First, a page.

Now the dreaming begins.....
"WASHINGTON — The Supreme Court's ruling that the Bush administration can't use ad-hoc military commissions to try suspected terrorists may have sweeping implications for other aspects of President Bush's war on terrorism.
The court's decision Thursday ignited debate about its full impact among lawyers, legal scholars, administration officials and members of Congress.
Some think the opinion could challenge the administration's claim the National Security Agency (NSA) has the right to eavesdrop without court approval on Americans suspected of having ties to al-Qaida or other terrorist groups."
The only "indication" from the ruling is that we still have leftist judges that legislate from the bench. That aside the ruling changes nothing at Gitmo other than Congress will simply turn around and give the President the authority - end of story.
It's amazing that the media continually and outright lies about how the NSA program is a "Bush deal", when it's existed for years. Additionally the only ones who can't seem to get their story straight is the media. Nevertheless, the Hamden decision has plenty of room to be re-argued on howbeit different terms base on the dissentions which were based on far greater reason that the hapless meanderings of Stevens.
This fact is well summerized in two points by Andy McCarthy at NRO:
"1. Justice Breyer's short concurring opinion maintains that all the court has really done is invite the president to seek legislation from congress authorizing the commissions and defining their structure. Several folks, me included, have argued from time to time that this is overdue anyway — we should have a national security court, created by congress to get many of the terrorism cases out of the regular criminal justice system. But that said, Justice Breyer's unfortunate invocation of the left-wing/civ-lib-extremist talking point, to wit, that "Congress has not issued the Executive a 'blank check,'" is bombast.
There has never been a moment since 9/11 when Congress, had it chosen to, could not have prescribed a new scheme for military commissions. The president's commission plan, well known since 2001, was fully permissible under existing statutory law and venerable court precedent. But Congress was not bound by it. It could have jumped into the breach at any point. In fact, it did jump in, enacting the Detainee Treatment Act in late 2005. By doing so, it demonstrated the obvious: if congress had been unhappy with the president's commission procedures, it would have modified them. Instead, it acted in a manner precisely designed to let the commissions go forward without court interference.
This was no blank check. Congress examined what the executive branch was doing, was fully satisfied, and acted to correct the only thing it found offensive — the judicial intrusion.
2. A big issue to watch out for as congress re-examines this: the protection of classified information from al Qaeda in the trial process.
One of the principal reasons for having commissions rather than courts-martial or civilian trials is to prevent our enemies from learning what we know and how we know it. But the court held that the president had not justified procedures which call, potentially, for excluding the terrorists from the courtroom when classified information is introduced.
Now, let's compare. Alien combatants have no constitutional rights; therefore, they have no constitutional right to be present at trial. On the other hand, protecting the security of the American people — which is what classified information is all about — is the number one obligation of government. So by what law does an al Qaeda killer's purported right to be present outweigh the American people's unquestioned right to have the government protect them (by, for example, not providing the enemy with sensitive intelligence)?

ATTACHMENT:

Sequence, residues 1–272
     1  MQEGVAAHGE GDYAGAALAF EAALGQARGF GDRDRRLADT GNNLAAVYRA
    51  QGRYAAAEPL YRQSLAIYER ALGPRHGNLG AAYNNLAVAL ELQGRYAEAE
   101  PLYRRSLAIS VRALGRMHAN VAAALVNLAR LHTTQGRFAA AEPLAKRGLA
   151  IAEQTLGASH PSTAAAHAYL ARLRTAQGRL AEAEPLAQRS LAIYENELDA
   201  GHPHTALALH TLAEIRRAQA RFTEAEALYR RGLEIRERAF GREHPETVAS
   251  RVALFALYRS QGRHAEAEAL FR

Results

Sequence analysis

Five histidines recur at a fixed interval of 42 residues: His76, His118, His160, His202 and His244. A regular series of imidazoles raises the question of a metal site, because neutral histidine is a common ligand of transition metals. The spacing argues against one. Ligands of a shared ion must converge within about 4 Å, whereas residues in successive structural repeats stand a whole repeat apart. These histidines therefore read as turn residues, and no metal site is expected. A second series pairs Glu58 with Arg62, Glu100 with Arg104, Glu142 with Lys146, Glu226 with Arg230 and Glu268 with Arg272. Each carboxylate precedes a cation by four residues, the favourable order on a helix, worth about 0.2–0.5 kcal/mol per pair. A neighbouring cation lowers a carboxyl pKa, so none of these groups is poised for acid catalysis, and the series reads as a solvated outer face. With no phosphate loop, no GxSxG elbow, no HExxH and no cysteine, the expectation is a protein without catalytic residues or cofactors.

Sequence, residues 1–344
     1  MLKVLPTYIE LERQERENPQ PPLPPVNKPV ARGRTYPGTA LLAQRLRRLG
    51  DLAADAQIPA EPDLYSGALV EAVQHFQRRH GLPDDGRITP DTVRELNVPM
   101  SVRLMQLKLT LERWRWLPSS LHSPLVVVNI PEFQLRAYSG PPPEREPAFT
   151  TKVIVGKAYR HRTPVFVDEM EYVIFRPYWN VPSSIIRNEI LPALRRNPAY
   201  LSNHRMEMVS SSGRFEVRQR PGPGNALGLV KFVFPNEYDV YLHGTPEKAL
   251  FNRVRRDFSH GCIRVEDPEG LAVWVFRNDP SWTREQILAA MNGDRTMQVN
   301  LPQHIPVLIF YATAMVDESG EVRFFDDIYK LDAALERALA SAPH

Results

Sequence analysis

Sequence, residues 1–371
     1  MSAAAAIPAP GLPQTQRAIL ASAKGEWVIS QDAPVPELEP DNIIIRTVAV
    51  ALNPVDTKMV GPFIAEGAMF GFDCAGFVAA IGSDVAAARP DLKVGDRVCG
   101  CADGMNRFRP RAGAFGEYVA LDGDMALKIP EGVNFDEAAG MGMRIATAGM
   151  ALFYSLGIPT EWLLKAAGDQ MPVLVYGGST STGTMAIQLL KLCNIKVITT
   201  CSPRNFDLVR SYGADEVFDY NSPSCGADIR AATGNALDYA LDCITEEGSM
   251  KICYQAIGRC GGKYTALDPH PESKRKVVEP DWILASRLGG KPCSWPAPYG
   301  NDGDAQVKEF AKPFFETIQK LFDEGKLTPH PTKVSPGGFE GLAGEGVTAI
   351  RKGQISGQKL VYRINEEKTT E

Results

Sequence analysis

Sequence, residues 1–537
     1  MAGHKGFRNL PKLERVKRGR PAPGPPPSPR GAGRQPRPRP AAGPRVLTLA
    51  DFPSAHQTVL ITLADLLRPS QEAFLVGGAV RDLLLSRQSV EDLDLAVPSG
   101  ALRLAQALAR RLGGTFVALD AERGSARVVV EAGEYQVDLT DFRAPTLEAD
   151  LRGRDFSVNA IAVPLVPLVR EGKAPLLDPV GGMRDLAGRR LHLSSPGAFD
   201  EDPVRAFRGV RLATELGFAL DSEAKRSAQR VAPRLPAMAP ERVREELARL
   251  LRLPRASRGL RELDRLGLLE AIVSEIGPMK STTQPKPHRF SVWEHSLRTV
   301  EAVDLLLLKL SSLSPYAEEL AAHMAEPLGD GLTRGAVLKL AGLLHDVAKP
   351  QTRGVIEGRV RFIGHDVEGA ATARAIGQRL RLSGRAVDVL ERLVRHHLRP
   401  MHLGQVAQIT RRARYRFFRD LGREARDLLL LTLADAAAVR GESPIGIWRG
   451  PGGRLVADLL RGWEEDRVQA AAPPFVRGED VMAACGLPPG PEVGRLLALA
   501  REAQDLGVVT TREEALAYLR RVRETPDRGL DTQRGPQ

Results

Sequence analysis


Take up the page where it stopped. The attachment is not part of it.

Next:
It could only conceivably be Geneva's Common Article 3 — an international law provision the court had to twist beyond recognition to give the enemy its benefit. That fuzzy language talks about providing "judicial guarantees which are recognized as indispensable by civilized people." OK, but who says all "civilized people" would opt to elevate a homicidal maniac's right of access to the government's most sensitive information over the government's obligation to protect its citizens by withholding intelligence that may help those trying to kill them do just that?
Why is this question so important? Because you can bet a big part of the debate in congress will be about whether the court has left congress with any latitude here on this point.
That's why Jonah's observation about Hamdan not being constitutionally based is crucial. Congress absolutely has the power to deny al Qaeda terrorists the right to be present at portions of trial where sensitive evidence is introduced. Let's leave aside that the court's entire Common Article 3 rationale is hooey (the article doesn't apply to al Qaeda and the court owed deference to the president's interpretation to that effect). The salient point here is that when the inevitable argument is made that the Geneva Conventions now require handing over our intelligence to the enemy in wartime, congress — and more properly, the president (who has the authority to cancel treaties) — should make clear that we would withdraw from the Geneva Conventions (or at least any offending portions of them) before we do that.
The main point being that there is NO Constitutional protection for someone who is 1. Not a citizen, and 2. Commits hostile acts against the US. In this the justices erred completely.
So in essence, I see congress quickly acting to "reverse" the Court's decision and thus the entirety of it's effect.
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Now the dreaming begins.....